Terence McKenna on Death and Dying

These are excerpts from interviews that
Erik Davis conducted with Terence McKenna in 1999,
in preparation for a profile in
The interview was done in San Francisco
just a few days before Terence underwent a craniotomy,
and he therefore spoke a bit more frankly
about his condition than during November,
when I spent a week with him during his brief remission in Hawaii.

I always thought death would come on the freeway in a few horrifying moments, so you'd have no time to sort it out. Having months and months to look at it and think about it and talk to people and hear what they have to say, it's a kind of blessing. Its certainly an opportunity to grow up and get a grip and sort it all out. Just being told by an unsmiling guy in a white coat that you're going to be dead in four months definitely turns on the lights. It makes life rich and poignant. When it first happened, and I got these diagnoses, I could see the light of eternity, à la William Blake, shining through every leaf. I mean, a bug walking across the ground moved me to tears.

Nothing lasts. That's one thing I think you learn from life, psychedelics, or just paying attention. Very little lasts.

These Buddhists aren't kidding: you are here for a very brief moment, and you can sit on your thumb and do whatever you want, but in fact the clock is ticking. What are you gonna do about it? Are you gonna blow it off, or be a hedonist? What are you gonna do with that? If most people took it seriously, a hell of a lot more would be done with more attention to quality and intent. And they're always talking about this stuff --- intent.

I have to say I do feel lucky, even at this late stage of the game, I feel lucky to have lived the life I lived, and even though I have this horrific thing I feel lucky in terms of dealing with it. I don't feel like it's a death sentence...

Until I'm able to run upstairs I think I just have to yield to fate. It's not clear entirely what's happening with me. If I'm getting well, that's pretty easily managed. If I'm in fact slowly slipping away, you just want to do it right and set a good example and not be a pain to your relatives, friends, and fans. And that seems pretty easy to me. It all gets very private once they tell you you're about to kick.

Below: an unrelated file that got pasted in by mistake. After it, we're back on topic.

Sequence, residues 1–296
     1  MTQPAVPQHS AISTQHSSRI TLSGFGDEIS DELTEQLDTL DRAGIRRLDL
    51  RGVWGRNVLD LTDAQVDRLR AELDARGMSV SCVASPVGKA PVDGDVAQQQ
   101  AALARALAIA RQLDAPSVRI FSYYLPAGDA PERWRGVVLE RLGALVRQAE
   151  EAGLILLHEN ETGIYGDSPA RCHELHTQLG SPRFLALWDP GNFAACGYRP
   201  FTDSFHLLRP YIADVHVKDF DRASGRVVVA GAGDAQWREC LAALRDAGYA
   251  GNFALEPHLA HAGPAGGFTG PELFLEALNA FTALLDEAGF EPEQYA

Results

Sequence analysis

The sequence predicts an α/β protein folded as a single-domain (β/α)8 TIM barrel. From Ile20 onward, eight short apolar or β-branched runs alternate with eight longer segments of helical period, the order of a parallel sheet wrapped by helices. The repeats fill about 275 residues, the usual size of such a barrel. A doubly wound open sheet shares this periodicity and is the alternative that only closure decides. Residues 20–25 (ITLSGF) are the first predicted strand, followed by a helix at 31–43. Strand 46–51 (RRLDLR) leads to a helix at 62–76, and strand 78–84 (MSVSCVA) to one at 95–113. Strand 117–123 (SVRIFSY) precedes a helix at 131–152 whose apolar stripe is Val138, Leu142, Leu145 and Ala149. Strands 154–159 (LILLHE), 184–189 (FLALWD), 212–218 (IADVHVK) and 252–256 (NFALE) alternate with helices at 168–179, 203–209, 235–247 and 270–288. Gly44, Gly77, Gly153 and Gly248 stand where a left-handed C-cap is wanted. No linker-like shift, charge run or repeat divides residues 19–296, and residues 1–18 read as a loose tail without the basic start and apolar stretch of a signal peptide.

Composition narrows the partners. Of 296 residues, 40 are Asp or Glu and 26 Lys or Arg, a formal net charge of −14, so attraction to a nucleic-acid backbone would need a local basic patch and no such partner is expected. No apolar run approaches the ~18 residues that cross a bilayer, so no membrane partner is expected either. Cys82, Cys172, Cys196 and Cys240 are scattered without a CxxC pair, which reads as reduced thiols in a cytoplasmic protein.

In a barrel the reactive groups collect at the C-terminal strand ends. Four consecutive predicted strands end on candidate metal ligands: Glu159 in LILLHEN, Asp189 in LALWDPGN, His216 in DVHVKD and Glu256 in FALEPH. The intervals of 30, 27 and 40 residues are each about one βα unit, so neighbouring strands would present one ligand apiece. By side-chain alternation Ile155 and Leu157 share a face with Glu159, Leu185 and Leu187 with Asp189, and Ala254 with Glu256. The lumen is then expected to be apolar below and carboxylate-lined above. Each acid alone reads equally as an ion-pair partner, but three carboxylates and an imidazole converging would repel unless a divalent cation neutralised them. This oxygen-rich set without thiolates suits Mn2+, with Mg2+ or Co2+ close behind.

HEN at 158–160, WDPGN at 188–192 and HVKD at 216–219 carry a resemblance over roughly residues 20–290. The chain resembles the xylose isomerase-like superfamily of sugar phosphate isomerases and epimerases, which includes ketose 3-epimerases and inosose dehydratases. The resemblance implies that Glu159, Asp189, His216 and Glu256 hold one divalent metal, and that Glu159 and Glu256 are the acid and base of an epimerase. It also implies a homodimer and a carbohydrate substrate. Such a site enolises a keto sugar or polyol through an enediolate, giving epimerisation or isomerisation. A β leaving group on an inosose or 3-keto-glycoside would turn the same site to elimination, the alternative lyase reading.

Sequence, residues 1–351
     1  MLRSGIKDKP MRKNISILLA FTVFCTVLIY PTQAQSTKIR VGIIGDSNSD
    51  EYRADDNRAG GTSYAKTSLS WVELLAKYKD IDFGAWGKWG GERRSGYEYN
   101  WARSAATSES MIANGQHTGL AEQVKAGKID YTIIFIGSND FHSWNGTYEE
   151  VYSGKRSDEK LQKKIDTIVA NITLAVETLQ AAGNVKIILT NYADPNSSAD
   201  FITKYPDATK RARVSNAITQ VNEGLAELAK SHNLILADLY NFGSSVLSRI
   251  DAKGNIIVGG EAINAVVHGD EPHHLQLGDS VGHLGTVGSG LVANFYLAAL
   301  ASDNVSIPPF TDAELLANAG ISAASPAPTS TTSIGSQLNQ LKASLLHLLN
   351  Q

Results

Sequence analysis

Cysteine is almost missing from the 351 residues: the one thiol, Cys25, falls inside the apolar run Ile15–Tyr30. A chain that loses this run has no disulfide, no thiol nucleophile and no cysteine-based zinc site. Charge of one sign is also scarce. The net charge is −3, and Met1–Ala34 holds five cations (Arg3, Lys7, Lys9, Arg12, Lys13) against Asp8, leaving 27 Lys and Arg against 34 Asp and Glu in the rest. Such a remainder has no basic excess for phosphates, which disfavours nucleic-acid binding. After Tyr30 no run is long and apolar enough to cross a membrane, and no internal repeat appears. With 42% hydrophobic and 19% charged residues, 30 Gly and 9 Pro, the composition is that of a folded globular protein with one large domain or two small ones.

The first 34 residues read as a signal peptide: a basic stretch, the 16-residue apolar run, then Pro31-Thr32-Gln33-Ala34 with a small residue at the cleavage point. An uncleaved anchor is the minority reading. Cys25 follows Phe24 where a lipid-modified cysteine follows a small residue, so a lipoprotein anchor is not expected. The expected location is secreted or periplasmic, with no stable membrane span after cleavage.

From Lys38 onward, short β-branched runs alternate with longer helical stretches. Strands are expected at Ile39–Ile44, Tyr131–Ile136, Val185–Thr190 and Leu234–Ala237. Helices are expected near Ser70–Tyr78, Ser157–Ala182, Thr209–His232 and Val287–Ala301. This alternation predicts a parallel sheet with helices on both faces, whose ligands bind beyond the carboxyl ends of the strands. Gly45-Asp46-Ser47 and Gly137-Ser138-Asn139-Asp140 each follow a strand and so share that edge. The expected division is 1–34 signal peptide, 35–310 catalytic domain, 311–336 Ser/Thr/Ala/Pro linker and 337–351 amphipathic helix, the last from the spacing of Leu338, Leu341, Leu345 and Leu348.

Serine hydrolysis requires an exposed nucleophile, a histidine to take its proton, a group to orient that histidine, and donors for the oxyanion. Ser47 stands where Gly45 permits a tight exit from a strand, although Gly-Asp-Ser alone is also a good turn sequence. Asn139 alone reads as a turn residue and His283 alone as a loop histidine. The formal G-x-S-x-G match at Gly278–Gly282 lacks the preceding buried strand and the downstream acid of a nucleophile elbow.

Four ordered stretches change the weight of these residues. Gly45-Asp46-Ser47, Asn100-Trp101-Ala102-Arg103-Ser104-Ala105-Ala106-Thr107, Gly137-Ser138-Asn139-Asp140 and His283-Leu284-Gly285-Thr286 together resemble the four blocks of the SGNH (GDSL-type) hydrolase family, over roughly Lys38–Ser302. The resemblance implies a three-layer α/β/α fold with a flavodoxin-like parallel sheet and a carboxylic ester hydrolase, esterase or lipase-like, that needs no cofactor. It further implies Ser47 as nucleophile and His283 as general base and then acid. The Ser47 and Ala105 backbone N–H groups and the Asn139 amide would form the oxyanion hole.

I find to my surprise about myself, that I'm not really afraid of death. I'm pretty concerned about dying. I don't want dying to turn into some kind of wet, sticky, thrashing kind of thing. Death, hell, what are you buying? You have no idea, so why even give it a moment's thought?

Death is the black hole of biology. It's an event horizon, and once you go over that event horizon, no information can be passed back out of the hole. So people can stand around the edge of the hole and say, Well it was this or that, but in fact, it represents some kind of limit case in the thermodynamics of information. You just can't hand messages back over that threshold. So get yourself pointed right, do not let your mantras bungle, and that's about it. When you're actually dead, all bets are off. The best answer I've gotten yet out of this is from Don Delillo's Underworld, where the nun discovers that when you die you become your website.

Taking plants and spending your life in esoteric philosophy and taking drugs is basically on a meditation on death. Buddhism is some form of learning how to die. And that seems worth doing. And unavoidable. If you're a serious person, how could you not confront this kind of stuff?.

The real dilemma for human beings is how to build a compassionate human civilization. The means to do it come into our ken at the same rate as all these tools which betray it. And if we betray our humanness in the pursuit of civilization, then the dialogue has become mad.

So it is a kind of individual challenge for every single person to demand that compassionate civilization. It calls for a uniquely human response from each person. And the way to be motivated to do that is to take on the fact of human mortality, your own and other people's.

When I think about dying, the thing that surprises me is how much of the future I regard as history, and how I don't want to miss it. I want to know how it all comes out. I haven't a lot of money riding on my vision of things, but I would like to know how the universe came to be, what's up with extraterrestrials, where biotech is going, where the Internet is going, about robot/man space-flight to the outer planets. Because the next century will be it. We are on the brink of a posthuman existence, or we are into the early phase of the posthuman existence. So what's it gonna look like? What's it gonna feel like? Hipparchus, in the second century BC, was asked what he feared most about death, and he said, Not being able to follow the latest discoveries in astronomy. Well, that's precisely my position.

Erik Davis's e-mail address is
His homepages are at:

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